Several years after WWII, Western Europe was still recovering; and along with restoring economies, political dominance was also at stake. Towards the end of 1947, as the result of a nationwide humanitarian effort, a ship filled with cartons of food from America docked in the port of Naples.
In October 1947, popular journalist and radio show host Drew Pearson suggested Americans donate food to hungry Europeans. Because of his insider connections and his propensity to publicize much of what he heard before receiving all the details, Pearson was not well liked in Washington’s political circles. But, he was influential in steering public policy through his nationwide syndicated columns. While in Europe, Pearson saw sacks of grain being distributed by the Communist Party, and watched the joyous thankful reactions of the starving recipients.
A year earlier, the Truman Doctrine was established to mainly assist Greece and Turkey in their struggles against communism and in June 1947, the goals of the Marshall Plan (enacted in 1948) – primarily to prevent communism from spreading – were introduced. Both were government programs designed to enhance the concepts of a democracy over a socialist government.
When Pearson introduced his plan to collect food by train, a positive reaction was swift. Within a month of his appeal, the newly formed Citizens Food Committee (appointed by Present Truman in September 1947) became the sponsor of Pearson’s project, establishing a train route and a goal of 80 cars filled with food. The Friendship Train, not to be mistaken for the Freedom Train that toured America from 1947 to 1949, started its journey across America from Los Angeles on November 7.
As the train traveled the 3,000 miles to New York, it made stops in 11 states; and the states not on the route sent local trains or truckloads filled with food to depots where the train stopped. Two more trains, traveling through other parts of the country, were added. Donations were restricted to food that was easy to transport and money to buy food. Flour, dried peas, and dried beans had to be in sacks of at least 100 pounds. Pasta products and evaporated milk were in cartons of 24 boxes or cans.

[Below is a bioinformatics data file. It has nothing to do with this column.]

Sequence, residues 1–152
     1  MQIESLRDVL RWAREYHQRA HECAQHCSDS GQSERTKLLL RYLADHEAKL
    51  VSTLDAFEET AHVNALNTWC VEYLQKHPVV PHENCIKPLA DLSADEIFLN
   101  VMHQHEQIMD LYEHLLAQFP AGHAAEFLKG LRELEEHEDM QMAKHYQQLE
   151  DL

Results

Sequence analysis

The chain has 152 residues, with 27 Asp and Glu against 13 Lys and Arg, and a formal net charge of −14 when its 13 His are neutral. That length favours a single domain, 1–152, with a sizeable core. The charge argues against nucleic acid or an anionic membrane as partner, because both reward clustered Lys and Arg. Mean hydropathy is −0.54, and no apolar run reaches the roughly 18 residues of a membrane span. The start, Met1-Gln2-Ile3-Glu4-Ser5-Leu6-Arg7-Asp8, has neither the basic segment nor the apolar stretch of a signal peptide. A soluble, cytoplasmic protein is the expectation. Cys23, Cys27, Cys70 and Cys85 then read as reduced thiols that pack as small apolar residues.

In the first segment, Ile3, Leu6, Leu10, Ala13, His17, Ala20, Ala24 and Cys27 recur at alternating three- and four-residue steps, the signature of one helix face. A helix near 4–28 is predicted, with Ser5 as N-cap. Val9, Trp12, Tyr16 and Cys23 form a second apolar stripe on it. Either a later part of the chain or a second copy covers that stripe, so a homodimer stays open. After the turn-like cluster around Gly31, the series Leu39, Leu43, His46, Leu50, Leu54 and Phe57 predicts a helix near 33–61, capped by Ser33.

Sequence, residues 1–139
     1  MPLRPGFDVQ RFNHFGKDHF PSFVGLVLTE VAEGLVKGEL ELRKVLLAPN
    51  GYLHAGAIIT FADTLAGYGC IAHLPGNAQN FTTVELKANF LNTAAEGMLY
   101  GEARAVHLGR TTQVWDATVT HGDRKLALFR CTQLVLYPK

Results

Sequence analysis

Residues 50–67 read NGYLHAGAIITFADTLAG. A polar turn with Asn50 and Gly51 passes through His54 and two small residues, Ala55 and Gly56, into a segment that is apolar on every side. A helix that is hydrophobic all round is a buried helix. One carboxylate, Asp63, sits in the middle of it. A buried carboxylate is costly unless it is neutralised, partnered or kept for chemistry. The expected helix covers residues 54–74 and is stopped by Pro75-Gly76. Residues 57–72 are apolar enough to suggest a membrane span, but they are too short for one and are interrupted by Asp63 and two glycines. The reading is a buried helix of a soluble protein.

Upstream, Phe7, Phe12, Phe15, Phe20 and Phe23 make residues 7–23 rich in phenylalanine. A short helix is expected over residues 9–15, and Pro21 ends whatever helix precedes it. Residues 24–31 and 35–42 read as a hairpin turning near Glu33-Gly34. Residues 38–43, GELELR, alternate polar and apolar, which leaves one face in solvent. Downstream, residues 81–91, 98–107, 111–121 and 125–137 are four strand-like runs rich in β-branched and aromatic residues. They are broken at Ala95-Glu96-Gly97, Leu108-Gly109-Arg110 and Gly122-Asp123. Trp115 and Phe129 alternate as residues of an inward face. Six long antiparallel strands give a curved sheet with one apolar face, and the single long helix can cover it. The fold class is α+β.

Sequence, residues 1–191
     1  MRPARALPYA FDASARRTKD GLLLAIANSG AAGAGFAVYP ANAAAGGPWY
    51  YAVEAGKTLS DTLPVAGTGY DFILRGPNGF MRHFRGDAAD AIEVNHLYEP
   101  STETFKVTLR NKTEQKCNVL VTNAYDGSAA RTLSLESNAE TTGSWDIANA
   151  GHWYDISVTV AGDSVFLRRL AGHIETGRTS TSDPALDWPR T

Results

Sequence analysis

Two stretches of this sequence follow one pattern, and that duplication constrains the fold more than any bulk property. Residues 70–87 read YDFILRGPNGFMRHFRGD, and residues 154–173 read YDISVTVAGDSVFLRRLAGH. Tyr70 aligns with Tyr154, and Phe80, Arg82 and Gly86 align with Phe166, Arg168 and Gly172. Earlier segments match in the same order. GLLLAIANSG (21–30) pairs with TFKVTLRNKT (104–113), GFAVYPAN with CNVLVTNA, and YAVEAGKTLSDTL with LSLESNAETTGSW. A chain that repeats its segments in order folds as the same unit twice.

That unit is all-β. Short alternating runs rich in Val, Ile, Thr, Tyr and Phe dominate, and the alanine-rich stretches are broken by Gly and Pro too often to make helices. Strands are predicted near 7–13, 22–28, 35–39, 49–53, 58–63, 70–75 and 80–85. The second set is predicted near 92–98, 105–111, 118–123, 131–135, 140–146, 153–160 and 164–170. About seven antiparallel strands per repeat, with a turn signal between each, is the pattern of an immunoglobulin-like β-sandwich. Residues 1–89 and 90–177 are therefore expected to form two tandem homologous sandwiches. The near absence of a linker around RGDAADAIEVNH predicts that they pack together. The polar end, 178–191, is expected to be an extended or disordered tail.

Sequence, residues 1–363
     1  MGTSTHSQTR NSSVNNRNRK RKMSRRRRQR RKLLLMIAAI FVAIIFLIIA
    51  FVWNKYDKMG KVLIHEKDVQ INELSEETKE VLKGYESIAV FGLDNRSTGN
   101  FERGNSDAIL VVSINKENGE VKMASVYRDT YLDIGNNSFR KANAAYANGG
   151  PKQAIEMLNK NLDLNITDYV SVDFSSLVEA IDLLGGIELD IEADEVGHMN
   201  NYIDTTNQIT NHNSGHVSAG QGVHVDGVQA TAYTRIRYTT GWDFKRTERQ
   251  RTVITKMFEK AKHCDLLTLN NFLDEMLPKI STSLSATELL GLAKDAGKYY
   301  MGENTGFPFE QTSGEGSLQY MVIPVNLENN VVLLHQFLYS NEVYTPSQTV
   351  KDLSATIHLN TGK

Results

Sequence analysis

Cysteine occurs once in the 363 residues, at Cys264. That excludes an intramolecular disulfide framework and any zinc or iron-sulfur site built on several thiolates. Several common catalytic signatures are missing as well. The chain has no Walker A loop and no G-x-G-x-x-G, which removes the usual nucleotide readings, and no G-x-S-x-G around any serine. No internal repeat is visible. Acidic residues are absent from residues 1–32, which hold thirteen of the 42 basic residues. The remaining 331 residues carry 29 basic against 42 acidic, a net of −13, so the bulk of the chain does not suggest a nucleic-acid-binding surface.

School children, college students, businesses, and organizations ran fundraisers to purchase food to donate or collect money. In addition to the donated food, the railroads and shipping companies provided free use of their trains and ships, and all labor to load and unload the cartons was also donated.
On November 18, when the three trains reached New York, they totaled 270 cars and their arrival was celebrated with a ticker tape parade. The food was distributed among several ships, with the first ship leaving for France on December 7, 1947. A ship headed for Italy left the following week, arriving in Naples on December 28.
In Italy, the cartons were loaded onto four trains to deliver the food throughout the county. Pearson traveled to Rome by train, as 150 trucks transported the food cartons to the capitol city. In Rome, he spent hours holding interviews, and he received enthusiastic receptions wherever he stopped, even in the smaller towns that had not yet received their allocations of food.
The people of Italy had endured much hardship during and after WWII. The gift of food from America’s Friendship Train was a welcomed reminder that Americans cared. For more information visit http://thefriendshiptrain1947.org.